Earlier this month, Tionne “T-Boz” Watkins took some time out to speak with the hit travel podcast, ‘All The S**t I’ve Learned Abroad‘, with Steph Paige and Andrea Gillis about her travel experiences and opens up about her thoughts and feelings on the Black Lives Matter movement.
Tionne can completely relate to the loss of George Floyd, who was tragically murdered in broad daylight by police last month, as her cousin Eddie Russell Jr was also killed when he was shot by Illinois police in September 2017, despite informing them that he suffered with a mental illness to deter them from using unjust force.
“The only difference with racism [today] is that it’s being taped now. There’s still people doing modern day lynching, and that’s what you’re seeing when you see cases like Ahmaud Aubury and George Floyd”, Tionne says. “I’ve looked up all of these cases — my cousin was actually one of them that was gunned down with AR-15’s and shot 18 times. They blew his jaw off and the back of his head, and he was mentally ill. They told my cousin to call her son out and they gunned him down as soon as he came out of that garage”.
In the midst of these constant tragedies against black people, Tionne is pleased to see that the Black Lives Matter movement is also being supported by non-black people, who aren’t afraid to use their voices to help to make a change. “I’m looking at all of these races come together to fight for the same thing. Even caucasian people are saying they’re tired of black people being murdered by white cops”, Tionne says. “It broke my heart the other day when Ashton Kutcher almost started crying because his white friends kept saying ‘all lives matter’, and he said no, black lives DO matter.”
Tionne also addresses the fact that a lot of the looting and vandalism isn’t always carried out by black people. With that said, although she doesn’t agree with the looting, she does understand why it happens sometimes. “It might not be right, but I understand it. I might not like it, because I’ve been robbed before when I had my store [Chase’s Closet], but I understand why they’re doing it”, Tionne exclaims.
One of the saddest realities of living in an unjust world as a black person is reassuring the younger generation that they shouldn’t be afraid of all police. Tionne mentions how her children, daughter Chase Rolison and her four year old son, Chance, become very frightened of the police, especially with so much coverage on the brutality against the black community. “It’s a shame that when police are around my daughter she gets nervous, and when I ask her what’s wrong she says it’s because she’s black. My kids shouldn’t have to feel that way”, Tionne explains. “Being black, period, you have to have a different conversation with your child that you don’t really want to have”.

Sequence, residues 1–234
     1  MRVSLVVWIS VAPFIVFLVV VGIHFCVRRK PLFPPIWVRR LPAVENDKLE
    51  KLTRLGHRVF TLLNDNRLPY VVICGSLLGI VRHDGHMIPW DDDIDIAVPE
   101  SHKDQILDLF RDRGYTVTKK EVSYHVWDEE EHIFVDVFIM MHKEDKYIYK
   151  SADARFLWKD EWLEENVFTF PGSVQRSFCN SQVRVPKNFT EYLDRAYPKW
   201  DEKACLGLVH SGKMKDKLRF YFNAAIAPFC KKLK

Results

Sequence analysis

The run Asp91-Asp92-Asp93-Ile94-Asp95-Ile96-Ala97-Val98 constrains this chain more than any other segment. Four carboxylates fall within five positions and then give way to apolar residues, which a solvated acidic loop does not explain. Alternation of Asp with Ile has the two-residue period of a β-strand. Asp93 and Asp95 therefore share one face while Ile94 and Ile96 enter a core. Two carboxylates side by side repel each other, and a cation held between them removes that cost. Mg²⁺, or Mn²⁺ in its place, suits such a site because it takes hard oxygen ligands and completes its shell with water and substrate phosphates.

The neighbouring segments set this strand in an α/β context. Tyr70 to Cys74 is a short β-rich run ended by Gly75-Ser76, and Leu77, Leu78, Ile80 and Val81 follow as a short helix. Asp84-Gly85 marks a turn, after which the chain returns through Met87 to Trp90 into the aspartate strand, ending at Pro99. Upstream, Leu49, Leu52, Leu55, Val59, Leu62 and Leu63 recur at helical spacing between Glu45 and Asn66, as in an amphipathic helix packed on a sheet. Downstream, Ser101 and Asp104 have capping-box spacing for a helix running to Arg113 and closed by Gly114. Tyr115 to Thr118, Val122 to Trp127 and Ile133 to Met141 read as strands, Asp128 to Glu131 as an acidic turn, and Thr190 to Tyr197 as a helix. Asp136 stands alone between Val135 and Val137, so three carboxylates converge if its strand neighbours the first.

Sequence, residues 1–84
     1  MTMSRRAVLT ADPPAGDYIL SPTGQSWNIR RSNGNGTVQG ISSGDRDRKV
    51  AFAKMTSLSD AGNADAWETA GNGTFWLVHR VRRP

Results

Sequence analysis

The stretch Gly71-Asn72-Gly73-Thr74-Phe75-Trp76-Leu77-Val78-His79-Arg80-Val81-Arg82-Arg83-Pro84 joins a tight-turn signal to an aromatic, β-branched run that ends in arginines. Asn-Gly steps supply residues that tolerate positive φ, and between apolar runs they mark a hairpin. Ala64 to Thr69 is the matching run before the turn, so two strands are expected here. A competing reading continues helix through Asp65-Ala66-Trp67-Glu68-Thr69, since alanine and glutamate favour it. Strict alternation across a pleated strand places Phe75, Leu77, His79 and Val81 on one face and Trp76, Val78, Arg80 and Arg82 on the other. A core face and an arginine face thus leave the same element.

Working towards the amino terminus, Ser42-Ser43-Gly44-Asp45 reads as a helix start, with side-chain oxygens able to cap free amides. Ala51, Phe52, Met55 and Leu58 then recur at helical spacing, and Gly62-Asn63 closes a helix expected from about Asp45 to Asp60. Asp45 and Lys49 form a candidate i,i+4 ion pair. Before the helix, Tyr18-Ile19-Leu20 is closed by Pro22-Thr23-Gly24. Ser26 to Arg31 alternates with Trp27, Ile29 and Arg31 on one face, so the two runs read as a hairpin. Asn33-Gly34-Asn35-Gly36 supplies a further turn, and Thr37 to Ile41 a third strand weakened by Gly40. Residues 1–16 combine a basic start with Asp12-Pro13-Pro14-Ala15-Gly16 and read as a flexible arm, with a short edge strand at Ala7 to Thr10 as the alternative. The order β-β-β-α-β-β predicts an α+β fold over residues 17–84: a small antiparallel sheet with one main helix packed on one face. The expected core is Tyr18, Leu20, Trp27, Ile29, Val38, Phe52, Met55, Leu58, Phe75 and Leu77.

Tionne reveals that she was also pulled over by the police just for being a black woman driving a nice car. “I’ve been pinned down with 10 cops and guns at my head. My car light had a short in it, so I pulled over and flicked it on and off, and they said I was doing a gang initiation. They had 10 cops lay me out on the car, pat me down with guns to my head. What if someone’s finger had slipped?”, Tionne says.
In another occasion, while Tionne was 6 and a half months pregnant, driving her Porsche on the way back from recording at DARP studios for a TLC record, when she was once again ambushed by police unnecessarily. “He pulls me over and asks what I’m doing in this neighbourhood and ‘you better recite your address, say it fast and you better not stutter!’. Then he asks me how can I afford this car. But I have to take it because he has a gun and I don’t and I’m being disrespected about something I haven’t done, because of his ignorant issues about the world. When the cops found out who I was, he just threw my licence at me and said that I could go”.
Addressing racial prejudice within the music industry, Tionne vents her frustrations on her group TLC being labelled as an R&B group just because they are black, despite producing pop music. “Predominantly, TLC release universal music. Our music fits every genre — except a country song, but I want to!”, Tionne confesses. “But mostly pop — “No Scrubs” is pop, “Waterfalls” is pop, “Unpretty” is pop. But when you’re black, and do a pop song, they still call it R&B — I’m not just an R&B group, don’t box me in just because of my colour. We have different fights within the industry where if you’re black you get paid less than the white groups.”
To hear more about Tionne’s revelations and experiences, including incidents in Paris and South Africa whilst travelling, and why she wants to visit Bora Bora, check out the full episode below!
Be sure to subscribe to the “All The S**t I’ve Learned Abroad” podcast on Spotify.